GMAT Math : Weighted averages

Let’s start with an example :

John has 5 solutions in different containers. The first solution has 10 mg/liter of salt, the second solution has 15 mg/liter of salt, the third has 15 mg/liter of salt, the fourth has 20 mg/liter of salt and the fifth has 20 mg/liter of salt. He takes 150 liter of the first solution., 300 liter of the second solution, 450 liter of the third solution, 600 liter of the fourth solution and 750 liter of the fifth solution and mixes them together, what is the resulting salt concentration of the resulting solution?

A. 20/3

B. 74/3

C. 22/3

D. 53/3

E. 59/3

Wow, there is a ton of data in the question 🙂

If we cut to the chase, what the question is asking for is the ‘average’ concentration of the solution when we mix the individual solutions. In the case the volumes of the individual solutions were the same, we would essentially determine the simple mathematical average or specifically:

Average concentration = sum of concentrations/(# of liquids)

Average concentration = (concentration 1 + concentration 2 + concentration 3 + concentration 4 + concentration 5)/5

But in this case, since the volumes of the liquid are different we are looking for a weighted average.

Weighted average = k1 x1 + k2 x2 + k3 x3 + k4 x4 + … knxn/ (k1 + k2 + k3 + k4 + … kn)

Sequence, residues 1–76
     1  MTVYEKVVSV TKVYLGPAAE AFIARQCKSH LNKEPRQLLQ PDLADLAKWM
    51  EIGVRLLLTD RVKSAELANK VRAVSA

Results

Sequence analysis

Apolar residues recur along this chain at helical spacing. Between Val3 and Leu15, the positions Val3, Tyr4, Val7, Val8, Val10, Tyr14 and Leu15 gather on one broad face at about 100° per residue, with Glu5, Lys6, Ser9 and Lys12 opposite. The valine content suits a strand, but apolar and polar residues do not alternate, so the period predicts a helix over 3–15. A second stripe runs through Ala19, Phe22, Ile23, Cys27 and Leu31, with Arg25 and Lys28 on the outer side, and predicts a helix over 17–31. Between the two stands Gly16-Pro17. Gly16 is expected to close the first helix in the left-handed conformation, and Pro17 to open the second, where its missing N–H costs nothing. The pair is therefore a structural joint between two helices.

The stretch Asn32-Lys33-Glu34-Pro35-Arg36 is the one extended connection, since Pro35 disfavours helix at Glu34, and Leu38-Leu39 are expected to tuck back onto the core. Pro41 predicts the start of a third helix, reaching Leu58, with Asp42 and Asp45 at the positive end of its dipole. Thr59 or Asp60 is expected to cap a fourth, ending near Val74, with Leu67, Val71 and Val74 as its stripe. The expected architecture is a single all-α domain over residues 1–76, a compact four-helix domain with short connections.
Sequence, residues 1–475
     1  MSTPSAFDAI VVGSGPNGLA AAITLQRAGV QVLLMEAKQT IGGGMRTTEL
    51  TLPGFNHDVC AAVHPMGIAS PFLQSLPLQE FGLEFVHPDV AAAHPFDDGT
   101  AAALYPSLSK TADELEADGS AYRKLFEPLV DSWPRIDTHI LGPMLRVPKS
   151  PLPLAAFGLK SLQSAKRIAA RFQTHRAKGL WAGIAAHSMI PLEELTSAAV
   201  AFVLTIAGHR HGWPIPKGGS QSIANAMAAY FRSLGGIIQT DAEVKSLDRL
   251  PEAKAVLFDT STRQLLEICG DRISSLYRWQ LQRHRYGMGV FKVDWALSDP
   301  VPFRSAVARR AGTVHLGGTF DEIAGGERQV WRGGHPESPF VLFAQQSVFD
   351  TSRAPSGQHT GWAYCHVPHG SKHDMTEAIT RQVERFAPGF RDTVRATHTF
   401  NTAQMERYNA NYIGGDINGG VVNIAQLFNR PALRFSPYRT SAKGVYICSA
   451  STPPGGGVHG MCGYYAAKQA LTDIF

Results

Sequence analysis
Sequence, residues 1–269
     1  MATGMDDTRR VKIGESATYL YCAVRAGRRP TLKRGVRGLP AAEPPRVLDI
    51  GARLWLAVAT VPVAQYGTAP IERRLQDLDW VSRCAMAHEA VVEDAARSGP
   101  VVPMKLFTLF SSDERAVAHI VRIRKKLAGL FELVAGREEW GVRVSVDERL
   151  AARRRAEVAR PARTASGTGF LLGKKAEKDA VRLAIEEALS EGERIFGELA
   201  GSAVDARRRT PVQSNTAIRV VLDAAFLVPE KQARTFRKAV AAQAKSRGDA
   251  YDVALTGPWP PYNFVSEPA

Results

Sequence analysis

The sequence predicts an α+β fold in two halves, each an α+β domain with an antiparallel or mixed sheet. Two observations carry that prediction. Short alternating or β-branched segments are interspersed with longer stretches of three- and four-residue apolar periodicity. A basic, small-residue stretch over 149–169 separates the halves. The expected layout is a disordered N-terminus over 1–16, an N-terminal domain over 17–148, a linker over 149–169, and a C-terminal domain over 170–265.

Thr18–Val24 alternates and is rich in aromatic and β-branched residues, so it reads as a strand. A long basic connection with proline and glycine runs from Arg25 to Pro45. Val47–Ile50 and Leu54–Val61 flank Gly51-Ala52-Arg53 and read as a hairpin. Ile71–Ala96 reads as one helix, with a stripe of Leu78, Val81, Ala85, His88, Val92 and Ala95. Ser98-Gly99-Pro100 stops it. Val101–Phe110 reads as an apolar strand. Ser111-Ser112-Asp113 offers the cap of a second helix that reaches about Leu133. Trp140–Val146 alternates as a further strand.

Where k = weights or in this case the volumes of the solutions

x = concentration of solutions

Weights signify the relative importance of each solution – in this case relative importance is depicted by the volume of the solutions. Think about it? If there is one solution’s volume accounting for 99% of the combined solution’s volume we would expect the concentration of the combined solution to be quite similar to this one mega solution’s concentration.

Coming to the original question:

Weighted average (average concentration) = k1 x1 + k2 x2 + k3 x3 + k4 x4 + … knxn/ (k1 + k2 + k3 + k4 + … kn)

= (10 x 150 + 15 x 300 + 15 x 450 + 20 x 600 + 20 x 750)/(150 + 300 + 450 + 600 + 750)

= 3-4 mins of intensive calculation 🙂

This brings us to our trick:

Before plugging into the formula, weights (i.e., k1, k2, k3, k4, … kn) can be simplified by a common denominator.

So, instead of using 150, 300, 450, 600 and 750, we can use 150/150 = 1, 300/150 = 2, 450/150 = 3, 600/150 = 4 and 750/150 = 5 i.e 1, 2, 3, 4 and 5 as the respective weights

So our weighted average gets simplified to a more palatable version we can solve in 1-2 mins :

= (10 x 1 + 15 x 2+ 15 x 3 + 20 x 4 + 20 x 5)/(1 + 2 + 3 + 4 + 5)

= 53/3

We go with option (D) 🙂